On a map of the whole state, the great earthquake faults of California look like a pretty simple set of lines that join and divide in a loose tangle: the San Andreas Fault Zone. But what exactly happens where a fault splits in two? If you cut the map along those lines into wedges and slivers of the Earth’s crust, then try to move them past each other, you can’t make them fit exactly right. How does the Earth do it, and what does that mean for earthquake ruptures in these areas?
Geologists have spent the last century mapping the state’s faults and measuring the tectonic ground motions that put stress on them. During that century, they’ve also monitored earthquakes of all sizes (most of them too small to feel) to see precisely where the action is happening on those faults. Only in the last couple of decades have they begun to look at faults in three dimensions. It’s a brain-busting exercise in 3D visualization, using several techniques to provide clues. Our own Hayward fault was an early subject. A new paper in the journal Tectonics (open access) has begun to lay bare the intricate buried structure south of Hollister where two major faults come together, the San Andreas and Calaveras faults.
The work of peeking downward into the crust is slow and labor-intensive, but it’s our only way to check whether our maps are misleading us. It starts by tracing surface rocks downward into the ground, using gravity data and magnetic data to match patterns deep in the crust to confirm that rock units of the right density and magnetic characteristics exist where they’re expected. At the same time, the locations of thousands of tiny earthquakes show where faults are in motion today. Each of these forms of datagravity, magnetics and seismicityis fuzzy in its own way, making certainty almost impossible. However, it helps that we have precise data for the Earth’s surfacewhere the rocks and faults lie and how tectonic forces are moving the landscape.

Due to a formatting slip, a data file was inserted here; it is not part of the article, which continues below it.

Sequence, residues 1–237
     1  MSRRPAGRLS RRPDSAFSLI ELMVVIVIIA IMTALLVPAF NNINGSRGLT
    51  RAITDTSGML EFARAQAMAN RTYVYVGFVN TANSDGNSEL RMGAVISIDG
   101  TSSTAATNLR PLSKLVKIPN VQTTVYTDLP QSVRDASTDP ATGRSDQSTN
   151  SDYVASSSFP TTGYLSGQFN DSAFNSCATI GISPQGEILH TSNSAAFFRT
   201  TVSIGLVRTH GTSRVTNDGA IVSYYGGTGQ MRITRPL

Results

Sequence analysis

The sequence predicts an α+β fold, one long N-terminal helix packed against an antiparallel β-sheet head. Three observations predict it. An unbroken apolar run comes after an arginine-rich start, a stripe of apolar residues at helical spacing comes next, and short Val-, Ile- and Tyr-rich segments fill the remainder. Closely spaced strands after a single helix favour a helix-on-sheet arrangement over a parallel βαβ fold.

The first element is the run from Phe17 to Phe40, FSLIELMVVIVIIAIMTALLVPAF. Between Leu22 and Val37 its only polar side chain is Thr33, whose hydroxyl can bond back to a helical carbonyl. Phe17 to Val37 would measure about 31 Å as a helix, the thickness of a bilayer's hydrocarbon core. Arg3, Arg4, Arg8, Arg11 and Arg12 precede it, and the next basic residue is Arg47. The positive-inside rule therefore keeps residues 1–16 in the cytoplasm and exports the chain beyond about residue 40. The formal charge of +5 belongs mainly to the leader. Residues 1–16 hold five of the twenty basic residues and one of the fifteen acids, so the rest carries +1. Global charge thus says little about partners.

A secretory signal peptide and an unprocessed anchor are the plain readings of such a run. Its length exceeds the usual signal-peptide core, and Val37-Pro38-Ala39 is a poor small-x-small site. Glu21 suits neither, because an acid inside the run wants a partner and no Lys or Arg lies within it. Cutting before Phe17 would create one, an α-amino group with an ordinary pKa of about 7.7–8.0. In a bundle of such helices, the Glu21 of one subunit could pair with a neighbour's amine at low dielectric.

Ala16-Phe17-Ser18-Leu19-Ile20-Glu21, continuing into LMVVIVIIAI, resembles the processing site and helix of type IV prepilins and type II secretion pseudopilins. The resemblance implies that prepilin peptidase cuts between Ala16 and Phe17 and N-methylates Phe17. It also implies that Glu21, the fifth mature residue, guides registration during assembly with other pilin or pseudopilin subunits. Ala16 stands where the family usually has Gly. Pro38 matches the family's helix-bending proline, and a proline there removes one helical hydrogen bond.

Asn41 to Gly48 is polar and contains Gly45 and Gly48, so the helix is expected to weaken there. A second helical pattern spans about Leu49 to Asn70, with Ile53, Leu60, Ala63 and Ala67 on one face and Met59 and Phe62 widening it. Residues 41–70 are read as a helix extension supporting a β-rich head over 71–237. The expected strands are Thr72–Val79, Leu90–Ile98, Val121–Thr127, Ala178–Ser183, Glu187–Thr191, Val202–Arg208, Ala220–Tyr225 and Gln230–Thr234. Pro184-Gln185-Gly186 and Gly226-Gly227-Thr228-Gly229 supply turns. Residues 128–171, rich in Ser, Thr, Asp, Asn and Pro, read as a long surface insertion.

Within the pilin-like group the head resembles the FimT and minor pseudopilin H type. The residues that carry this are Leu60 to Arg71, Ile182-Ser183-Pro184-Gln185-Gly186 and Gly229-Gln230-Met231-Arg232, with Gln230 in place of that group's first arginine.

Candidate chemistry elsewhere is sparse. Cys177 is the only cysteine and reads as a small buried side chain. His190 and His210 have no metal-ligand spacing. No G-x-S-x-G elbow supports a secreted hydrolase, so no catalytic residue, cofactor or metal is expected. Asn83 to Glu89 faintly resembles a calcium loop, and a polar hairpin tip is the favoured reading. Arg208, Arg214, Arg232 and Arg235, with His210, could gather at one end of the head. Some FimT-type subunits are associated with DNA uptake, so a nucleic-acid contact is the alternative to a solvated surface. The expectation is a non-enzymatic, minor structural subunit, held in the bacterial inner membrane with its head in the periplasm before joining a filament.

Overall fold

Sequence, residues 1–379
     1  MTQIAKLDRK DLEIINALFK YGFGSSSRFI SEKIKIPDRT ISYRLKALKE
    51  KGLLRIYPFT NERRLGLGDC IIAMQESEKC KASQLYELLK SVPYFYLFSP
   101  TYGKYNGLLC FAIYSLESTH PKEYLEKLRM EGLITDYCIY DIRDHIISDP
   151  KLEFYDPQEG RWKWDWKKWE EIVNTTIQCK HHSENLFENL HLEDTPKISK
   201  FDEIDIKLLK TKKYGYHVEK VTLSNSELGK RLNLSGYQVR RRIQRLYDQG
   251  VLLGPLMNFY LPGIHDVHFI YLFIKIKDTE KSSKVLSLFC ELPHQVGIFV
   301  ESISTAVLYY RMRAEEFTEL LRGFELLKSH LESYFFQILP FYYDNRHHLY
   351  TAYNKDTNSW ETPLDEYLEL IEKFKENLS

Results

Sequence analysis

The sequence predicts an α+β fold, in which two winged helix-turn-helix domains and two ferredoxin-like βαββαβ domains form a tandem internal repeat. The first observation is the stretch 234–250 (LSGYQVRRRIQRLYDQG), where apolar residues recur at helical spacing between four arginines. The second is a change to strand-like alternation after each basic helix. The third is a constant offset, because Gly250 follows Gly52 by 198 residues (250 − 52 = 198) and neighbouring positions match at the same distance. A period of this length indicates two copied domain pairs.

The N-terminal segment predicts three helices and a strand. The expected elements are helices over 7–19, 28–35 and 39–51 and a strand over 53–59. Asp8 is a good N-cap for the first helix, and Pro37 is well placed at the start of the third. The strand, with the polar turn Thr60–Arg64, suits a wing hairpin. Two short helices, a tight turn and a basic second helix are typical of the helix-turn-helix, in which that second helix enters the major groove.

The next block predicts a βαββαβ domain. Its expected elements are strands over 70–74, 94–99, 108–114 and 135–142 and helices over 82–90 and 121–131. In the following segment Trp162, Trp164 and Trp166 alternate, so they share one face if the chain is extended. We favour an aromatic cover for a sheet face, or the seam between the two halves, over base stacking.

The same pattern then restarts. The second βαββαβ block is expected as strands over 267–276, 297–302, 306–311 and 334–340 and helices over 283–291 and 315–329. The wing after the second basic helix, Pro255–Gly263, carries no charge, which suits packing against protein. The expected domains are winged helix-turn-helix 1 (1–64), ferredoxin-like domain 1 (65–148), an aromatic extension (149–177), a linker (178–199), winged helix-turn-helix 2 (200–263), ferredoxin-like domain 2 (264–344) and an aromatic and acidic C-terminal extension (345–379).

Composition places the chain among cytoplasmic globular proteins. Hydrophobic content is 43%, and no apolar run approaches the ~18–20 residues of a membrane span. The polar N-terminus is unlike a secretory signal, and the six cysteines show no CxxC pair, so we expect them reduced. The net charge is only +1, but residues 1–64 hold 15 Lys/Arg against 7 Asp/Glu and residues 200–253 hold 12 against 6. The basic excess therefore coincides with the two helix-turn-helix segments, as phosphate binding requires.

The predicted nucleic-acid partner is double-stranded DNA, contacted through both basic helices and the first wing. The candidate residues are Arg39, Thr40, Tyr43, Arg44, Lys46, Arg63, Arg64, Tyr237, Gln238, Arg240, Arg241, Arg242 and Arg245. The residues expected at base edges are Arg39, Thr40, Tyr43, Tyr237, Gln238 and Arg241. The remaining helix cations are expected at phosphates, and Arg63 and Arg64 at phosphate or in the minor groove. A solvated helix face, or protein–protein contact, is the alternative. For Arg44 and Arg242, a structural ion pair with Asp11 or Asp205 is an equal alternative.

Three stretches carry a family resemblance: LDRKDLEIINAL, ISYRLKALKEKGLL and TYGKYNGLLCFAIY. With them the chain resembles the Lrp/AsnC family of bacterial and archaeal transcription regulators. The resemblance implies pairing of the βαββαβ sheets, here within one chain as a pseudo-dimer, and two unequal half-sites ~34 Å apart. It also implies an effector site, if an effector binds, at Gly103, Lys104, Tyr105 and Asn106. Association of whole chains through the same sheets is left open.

In the Tectonics paper, Janet Watt and four of her colleagues at the U.S. Geological Survey office in Menlo Park assembled their evidence for the CalaverasSan Andreas junction, in the Coast Range mountains around Pinnacles National Park. Here’s what the faults look like on the map, close up. I’m not showing the rocks because it would be too confusing for anyone but a geologist to enjoy.
Putting together all of the data that I described, the authors built a detailed picturea model, in scientific-speakof the region. Here are the three cross-sections of that model. They’re what the model looks like if you sliced it apart along the three lines X-X’, Y-Y’ and Z-Z’.
The model is quite an achievement. The authors singled out two noteworthy features, shown by the yellow dashed lines. These appear to be deeply hidden active faults that connect the San Andreas and Calaveras faults, transmitting motion between them. Over geologic time, these “cross faults” are very temporary things, but right now they’re important links in the chain of energy that causes our earthquakes. Because earthquakes can spread from one major fault to another, these are the things we need to find if we want to learn our earthquake future.
Another thing the authors point out is the key role of the rock serpentinite, which appears in the model as a usual suspect along these newly traced cross faults. Little did our legislators know how important “serpentine” is when they named it America’s first official state rock, back in 1965.